Top stories for Nov. 10, 2009
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Ducks Unlimited, business leaders come together to improve conservation
With important conservation decisions being made both out in the field and in the boardroom, DU hosted the first Ecoservices and Business Strategy Forum recently in Chicago. Titled "Ecopraxes," the meeting brought together corporate executives, conservation group representatives, local government, agriculture and ecosystem services market leaders to share their experiences and recommendations relating to ecosystem services valuation and developing ecosystem market projects.
The keynote address was presented by Mark Rey, Former Department of Agriculture Undersecretary for Natural Resources and the Environment. Rey set the stage by describing the policy environment in which corporations are developing sustainability strategies.
Contributors included Doug Oberhelman, CEO elect of Caterpillar; Geoff Kneen, Vice President at Bayer CropScience; and Rick Merdan, Marketing Strategy Manager at NewPage Corp. John Tomke, President of Ducks Unlimited de Mexico and business leader in his own right, moderated the discussion that kept guests at the prestigious Chicago Club engaged and asking questions regarding their own positions in a rapidly changing environment.
Companies depend on the assets that healthy and diverse ecosystems provide such as freshwater supply, water purification, climate regulation, pollination, flood mitigation and storage, and biodiversity. Degradation of these "ecosystem assets," can threaten overall corporate performance while creating entirely new business opportunities and industries. Ducks Unlimited is engaging business, government and agriculture in a conversation about best practices and sustainability for everyone.
Perhaps the most striking takeaway from the evening was that all of these corporations, and others in the audience, have recognized that aggressive exploration of emerging markets and sustainability strategies are important for profit in many ways. For instance, not only does the potential for being a leader in carbon sequestration add to the bottom line, but end users are demanding that suppliers be as "green" as possible. Practices that work well for ducks can also be an effective marketing tool.
Water restrictions threaten waterfowl
Limited water resources in the Highland Lakes of Texas are driving the Lower Colorado River Authority to propose reductions in "interruptible" water, the lifeblood of rice farmers and other producers that rely on LCRA's irrigation districts in Matagorda, Colorado and Wharton counties. Ducks Unlimited representatives expressed their concern over the proposed restrictions at a public meeting on Oct. 20 in Matagorda.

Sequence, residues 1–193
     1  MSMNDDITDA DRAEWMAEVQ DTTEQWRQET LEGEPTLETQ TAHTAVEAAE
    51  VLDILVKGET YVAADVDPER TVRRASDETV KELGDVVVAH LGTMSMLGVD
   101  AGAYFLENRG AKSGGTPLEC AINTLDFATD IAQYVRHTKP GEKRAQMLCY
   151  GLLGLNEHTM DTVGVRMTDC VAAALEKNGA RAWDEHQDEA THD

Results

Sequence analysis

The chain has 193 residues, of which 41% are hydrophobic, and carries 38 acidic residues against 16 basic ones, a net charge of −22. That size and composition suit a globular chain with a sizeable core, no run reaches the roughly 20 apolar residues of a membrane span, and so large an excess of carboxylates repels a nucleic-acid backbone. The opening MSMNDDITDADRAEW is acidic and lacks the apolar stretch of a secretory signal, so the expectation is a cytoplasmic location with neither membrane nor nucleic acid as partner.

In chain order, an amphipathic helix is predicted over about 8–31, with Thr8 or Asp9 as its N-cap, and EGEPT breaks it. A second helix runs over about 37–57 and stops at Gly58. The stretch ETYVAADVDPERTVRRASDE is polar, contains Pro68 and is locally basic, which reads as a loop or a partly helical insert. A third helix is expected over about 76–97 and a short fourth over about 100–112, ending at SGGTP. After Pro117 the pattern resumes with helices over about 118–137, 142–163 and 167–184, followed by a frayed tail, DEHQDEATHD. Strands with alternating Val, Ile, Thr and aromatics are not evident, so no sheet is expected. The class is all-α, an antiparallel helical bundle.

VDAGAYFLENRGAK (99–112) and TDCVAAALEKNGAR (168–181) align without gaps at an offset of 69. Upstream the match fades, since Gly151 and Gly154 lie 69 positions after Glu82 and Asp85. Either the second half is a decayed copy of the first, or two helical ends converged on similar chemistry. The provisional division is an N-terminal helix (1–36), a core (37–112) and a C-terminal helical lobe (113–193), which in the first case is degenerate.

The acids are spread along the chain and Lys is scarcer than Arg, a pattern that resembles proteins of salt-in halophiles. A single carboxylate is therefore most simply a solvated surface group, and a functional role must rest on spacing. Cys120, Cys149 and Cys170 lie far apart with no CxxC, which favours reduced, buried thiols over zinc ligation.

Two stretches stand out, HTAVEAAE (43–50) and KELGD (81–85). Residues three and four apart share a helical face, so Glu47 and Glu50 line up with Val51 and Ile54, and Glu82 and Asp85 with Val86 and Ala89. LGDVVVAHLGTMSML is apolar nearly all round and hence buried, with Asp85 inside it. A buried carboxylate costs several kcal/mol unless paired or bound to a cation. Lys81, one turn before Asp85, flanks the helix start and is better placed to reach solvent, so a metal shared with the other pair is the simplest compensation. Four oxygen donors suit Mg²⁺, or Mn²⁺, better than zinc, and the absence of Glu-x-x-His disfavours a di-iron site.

"Ducks Unlimited is sensitive to the issue of water availability within the Colorado River watershed and realizes that there are many competing interests for water, but we urge the LCRA to recognize the importance of this water to agriculture and waterfowl conservation efforts on the Texas Coast," said Todd Merendino, manager of conservation programs.
The Texas Gulf Coast provides critically important wetland habitat for millions of migrating and wintering waterfowl, waterbirds, and shorebirds, including resident species like the mottled duck, which is in a long-term decline due to loss of wetland habitat. In 1991, with the assistance of private landowners, USDA Natural Resource Conservation Service, U.S. Fish and Wildlife Service, and Texas Parks and Wildlife Department, DU launched the Texas Prairie Wetlands Project (TPWP). TPWP is a cost-share program for private landowners to restore and enhance wetlands on their properties along the Texas Gulf Coast.
To date in the three counties, private landowners have invested $1.1 million in conservation projects, and DU and partners have invested another $2.7 million.
Current waterfowl habitat sustainability estimates provide an already gloomy picture for waterfowl, projecting a 150,000-acre deficit of habitat on the Texas mid-coast. Without rice production, approximately 50,000 additional acres will be lost, pushing the deficit to 200,000 acres.
Wetlands, waterfowl benefit from tobacco settlement
Ducks Unlimited is among more than 100 non-profit groups to share $40 million from a class-action settlement with makers of chewing tobacco. DU was not a party to the initial lawsuit, but was selected by the state of California as a recipient for some of the funds.
"After telling the story of DU's mission and statewide work in California to conserve waterfowl habitats, we received $800,000 in settlement funds to continue this important conservation effort," said Dr. Rudolph Rosen, director of DU's Western Regional Office in Sacramento.
Settlement funds came about through a suit that pitted the U.S. Smokeless Tobacco Company and related entities against claimants who believed the company monopolized the market for moist smokeless tobacco products in California. Settlement money leftover after disbursement to claimants was distributed to nonprofit organizations. To satisfy claims from people who purchased small quantities, funds were distributed to charitable organizations rather than to the tobacco buyers themselves.
Rosen said all settlement funds will be deposited in a special Wetlands and Waterfowl Enhancement Account, to be used exclusively in California and in a fashion that is geographically comprehensive throughout the state for advocacy, regulatory or education work to conserve wetlands water, waterfowl or waterfowl habitats.